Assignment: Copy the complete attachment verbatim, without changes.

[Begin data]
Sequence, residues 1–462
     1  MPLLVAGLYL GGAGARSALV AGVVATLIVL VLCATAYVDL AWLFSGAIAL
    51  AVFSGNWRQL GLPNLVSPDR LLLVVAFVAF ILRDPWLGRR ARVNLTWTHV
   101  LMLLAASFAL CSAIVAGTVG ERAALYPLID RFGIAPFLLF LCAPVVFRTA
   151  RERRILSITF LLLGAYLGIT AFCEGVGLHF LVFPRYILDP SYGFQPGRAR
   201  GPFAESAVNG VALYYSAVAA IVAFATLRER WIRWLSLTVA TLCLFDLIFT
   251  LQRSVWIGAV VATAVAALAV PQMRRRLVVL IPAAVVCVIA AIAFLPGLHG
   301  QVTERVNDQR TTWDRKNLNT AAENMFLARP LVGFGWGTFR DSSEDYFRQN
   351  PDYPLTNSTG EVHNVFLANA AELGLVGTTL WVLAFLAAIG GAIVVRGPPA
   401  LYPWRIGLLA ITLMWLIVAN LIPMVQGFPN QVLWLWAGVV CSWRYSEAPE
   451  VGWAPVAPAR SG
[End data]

Sequence, residues 1–462
     1  MPLLVAGLYL GGAGARSALV AGVVATLIVL VLCATAYVDL AWLFSGAIAL
    51  AVFSGNWRQL GLPNLVSPDR LLLVVAFVAF ILRDPWLGRR ARVNLTWTHV
   101  LMLLAASFAL CSAIVAGTVG ERAALYPLID RFGIAPFLLF LCAPVVFRTA
   151  RERRILSITF LLLGAYLGIT AFCEGVGLHF LVFPRYILDP SYGFQPGRAR
   201  GPFAESAVNG VALYYSAVAA IVAFATLRER WIRWLSLTVA TLCLFDLIFT
   251  LQRSVWIGAV VATAVAALAV PQMRRRLVVL IPAAVVCVIA AIAFLPGLHG
   301  QVTERVNDQR TTWDRKNLNT AAENMFLARP LVGFGWGTFR DSSEDYFRQN
   351  PDYPLTNSTG EVHNVFLANA AELGLVGTTL WVLAFLAAIG GAIVVRGPPA
   401  LYPWRIGLLA ITLMWLIVAN LIPMVQGFPN QVLWLWAGVV CSWRYSEAPE
   451  VGWAPVAPAR SG